Although a court must "review the facts drawing all inferences most favorable to the party opposing the motion,"...the nonmovant may not rest on mere allegations or denials in its pleadings; in short, "the adverse party's response... must set forth specific facts showing that there is a genuine issue for trial." FED.R.CIV.P. 56(e). However, merely colorable evidence or evidence not significantly probative will not defeat a properly supported summary judgment...The existence of a mere scintilla of evidence will not suffice...(cites omitted) at 810-811.

The Court must “draw inferences from the evidence in the light most favorable to the nonmovant and resolve all reasonable doubts in that party’s favor.” Speciality Malls of Tampa v. The City of Tampa, 916 F.Supp 1222 (Fla. M.D. 1996). (emphasis added) A court is not required to allow a case to go to trial “when the inferences that are drawn from the evidence, and upon which the non-movant relies are implausible.’” Mize v. Jefferson City Board of Education, 93 F.3d 739, 743 (11th Cir. 1996).

In the order on motion to dismiss, the Court found that the plaintiff might be able to recover “‘actual economic damages incurred as a proximate result of the actions of an Internal Revenue Service employee.’...the cost of mailing summons and transportation cost.” Order at 5. The motion for summary judgment and reply to the plaintiff’s response are absolutely correct that these “new” claims are not recoverable to the plaintiff. It appears that the total amount of actual assessable economic damages the plaintiff has requested amounts to $200.00, in addition to the amounts already payable or paid, the alleged wrongful levy, in the amount of $5,387.11, and the filing fee of $350.00. Even though the government thinks the $200.00 is an overstated amount for mailing, copying and travel, the government is willing to accept a judgment against it in the amount of $200.00 to avoid a trial and resolve the case, assuming all other claims are denied.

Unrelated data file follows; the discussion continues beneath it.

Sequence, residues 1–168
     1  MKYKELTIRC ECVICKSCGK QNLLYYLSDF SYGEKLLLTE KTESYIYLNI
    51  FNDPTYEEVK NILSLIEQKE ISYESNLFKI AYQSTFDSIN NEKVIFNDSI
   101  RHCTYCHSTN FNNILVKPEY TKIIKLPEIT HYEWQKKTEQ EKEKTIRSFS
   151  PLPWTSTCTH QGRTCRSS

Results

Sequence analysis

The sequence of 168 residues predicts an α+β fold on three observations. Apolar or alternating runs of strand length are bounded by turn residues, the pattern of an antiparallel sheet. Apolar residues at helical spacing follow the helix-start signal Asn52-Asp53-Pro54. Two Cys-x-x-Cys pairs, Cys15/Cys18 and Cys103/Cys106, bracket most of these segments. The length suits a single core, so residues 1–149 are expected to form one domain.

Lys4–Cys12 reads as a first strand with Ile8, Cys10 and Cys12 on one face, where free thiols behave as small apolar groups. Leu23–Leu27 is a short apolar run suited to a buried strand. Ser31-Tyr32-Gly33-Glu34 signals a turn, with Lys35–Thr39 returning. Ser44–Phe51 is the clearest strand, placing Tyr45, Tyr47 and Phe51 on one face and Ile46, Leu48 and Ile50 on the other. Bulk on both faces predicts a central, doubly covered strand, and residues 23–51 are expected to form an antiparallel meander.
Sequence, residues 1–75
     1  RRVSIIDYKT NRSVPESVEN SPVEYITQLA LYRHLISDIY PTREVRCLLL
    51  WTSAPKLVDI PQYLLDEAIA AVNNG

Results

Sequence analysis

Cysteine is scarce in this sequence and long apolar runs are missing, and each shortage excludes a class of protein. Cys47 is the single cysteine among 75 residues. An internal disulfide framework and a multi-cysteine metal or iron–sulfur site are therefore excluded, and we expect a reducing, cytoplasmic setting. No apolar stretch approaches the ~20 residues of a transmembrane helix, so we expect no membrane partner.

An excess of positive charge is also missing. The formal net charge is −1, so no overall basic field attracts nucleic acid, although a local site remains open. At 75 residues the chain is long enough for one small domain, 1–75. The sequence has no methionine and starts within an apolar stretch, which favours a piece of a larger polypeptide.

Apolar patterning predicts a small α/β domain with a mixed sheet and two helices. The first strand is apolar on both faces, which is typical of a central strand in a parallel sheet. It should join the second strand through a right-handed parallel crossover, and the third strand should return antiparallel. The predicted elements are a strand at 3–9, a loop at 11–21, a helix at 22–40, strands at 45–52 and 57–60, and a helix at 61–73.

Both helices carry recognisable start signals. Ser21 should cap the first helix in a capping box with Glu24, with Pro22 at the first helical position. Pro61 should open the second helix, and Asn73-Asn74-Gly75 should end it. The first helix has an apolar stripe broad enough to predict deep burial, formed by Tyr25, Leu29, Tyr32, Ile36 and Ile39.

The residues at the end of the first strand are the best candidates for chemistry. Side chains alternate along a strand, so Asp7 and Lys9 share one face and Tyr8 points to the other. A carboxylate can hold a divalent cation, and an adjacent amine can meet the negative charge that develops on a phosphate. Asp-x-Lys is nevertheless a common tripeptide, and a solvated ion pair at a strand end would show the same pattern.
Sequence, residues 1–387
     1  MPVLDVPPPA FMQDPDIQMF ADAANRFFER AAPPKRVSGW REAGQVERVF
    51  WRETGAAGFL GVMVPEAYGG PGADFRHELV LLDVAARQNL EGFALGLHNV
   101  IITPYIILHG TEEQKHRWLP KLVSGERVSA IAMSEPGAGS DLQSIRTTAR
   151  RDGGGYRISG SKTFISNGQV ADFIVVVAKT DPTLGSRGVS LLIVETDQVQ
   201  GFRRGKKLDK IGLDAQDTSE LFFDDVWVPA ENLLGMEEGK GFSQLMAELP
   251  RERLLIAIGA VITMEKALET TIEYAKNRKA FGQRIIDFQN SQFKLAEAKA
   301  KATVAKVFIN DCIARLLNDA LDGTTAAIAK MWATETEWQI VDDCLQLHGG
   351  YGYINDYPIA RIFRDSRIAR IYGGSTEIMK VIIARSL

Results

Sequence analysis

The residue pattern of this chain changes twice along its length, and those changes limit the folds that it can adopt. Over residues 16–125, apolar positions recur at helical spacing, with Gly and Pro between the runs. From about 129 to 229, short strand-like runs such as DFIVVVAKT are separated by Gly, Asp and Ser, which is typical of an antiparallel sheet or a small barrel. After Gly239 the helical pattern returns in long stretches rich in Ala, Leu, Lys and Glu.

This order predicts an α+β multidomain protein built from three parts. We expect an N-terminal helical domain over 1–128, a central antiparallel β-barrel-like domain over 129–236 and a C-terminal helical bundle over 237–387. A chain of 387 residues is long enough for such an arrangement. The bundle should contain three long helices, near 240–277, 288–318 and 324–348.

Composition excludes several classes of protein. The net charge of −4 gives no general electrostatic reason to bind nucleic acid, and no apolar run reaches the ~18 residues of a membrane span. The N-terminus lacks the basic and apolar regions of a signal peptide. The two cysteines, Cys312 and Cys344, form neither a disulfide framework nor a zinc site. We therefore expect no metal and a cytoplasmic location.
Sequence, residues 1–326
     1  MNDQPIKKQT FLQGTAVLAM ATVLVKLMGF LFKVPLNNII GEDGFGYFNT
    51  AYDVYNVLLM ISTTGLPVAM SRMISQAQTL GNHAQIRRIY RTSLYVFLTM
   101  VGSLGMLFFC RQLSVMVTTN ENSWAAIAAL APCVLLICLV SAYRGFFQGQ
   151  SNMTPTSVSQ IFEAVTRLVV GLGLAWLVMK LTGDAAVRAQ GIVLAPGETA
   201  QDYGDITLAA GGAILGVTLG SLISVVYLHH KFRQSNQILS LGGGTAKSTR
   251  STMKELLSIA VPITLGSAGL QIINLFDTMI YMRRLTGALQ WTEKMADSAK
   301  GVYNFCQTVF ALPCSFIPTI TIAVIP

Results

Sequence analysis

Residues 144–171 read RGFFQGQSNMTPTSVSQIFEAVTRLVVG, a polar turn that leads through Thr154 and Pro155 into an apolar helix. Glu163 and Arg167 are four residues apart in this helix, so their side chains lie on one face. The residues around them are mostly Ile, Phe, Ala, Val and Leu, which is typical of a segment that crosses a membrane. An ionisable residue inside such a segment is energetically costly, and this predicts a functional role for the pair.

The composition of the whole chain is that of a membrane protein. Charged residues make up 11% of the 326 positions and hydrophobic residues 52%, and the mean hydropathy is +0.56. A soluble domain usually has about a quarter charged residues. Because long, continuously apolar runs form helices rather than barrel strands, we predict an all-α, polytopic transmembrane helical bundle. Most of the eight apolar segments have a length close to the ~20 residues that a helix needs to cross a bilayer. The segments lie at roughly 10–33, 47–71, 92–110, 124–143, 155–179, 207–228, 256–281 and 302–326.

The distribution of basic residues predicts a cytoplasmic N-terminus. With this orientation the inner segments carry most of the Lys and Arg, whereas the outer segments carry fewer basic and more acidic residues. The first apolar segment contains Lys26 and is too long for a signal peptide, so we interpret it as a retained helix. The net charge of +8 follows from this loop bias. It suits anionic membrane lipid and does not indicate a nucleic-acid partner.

The Court has reviewed this entire case and is in complete agreement with the defendant. The Court denied the motion to dismiss only as to allow the defendant to establish any entitlement he might have for “actual economic damages incurred as a proximate result of the actions of an Internal Revenue Service employee.”, such as costs of mailing and transportation. None of the new claims are available to the defendant. Since the government is willing to accept a judgment in the amount of actual economic costs alleged by the defendant in the amount of $200.00, the Court will adopt this resolution of this case. Accordingly, it is ORDERED that the motion for summary judgment (Docket Nos. 24 and 28) be granted and the Clerk of Court is directed to enter judgment for the plaintiff and against the defendant in the amount of $200.00, in addition to the amounts already payable or paid, the alleged wrongful levy, in the amount of $5,387.11, and the filing fee of $350.00. All other claims for costs are denied. The Clerk of Court is further directed to close this case.

DONE and ORDERED in Chambers, in Tampa, Florida, this 4th day of June, 2008.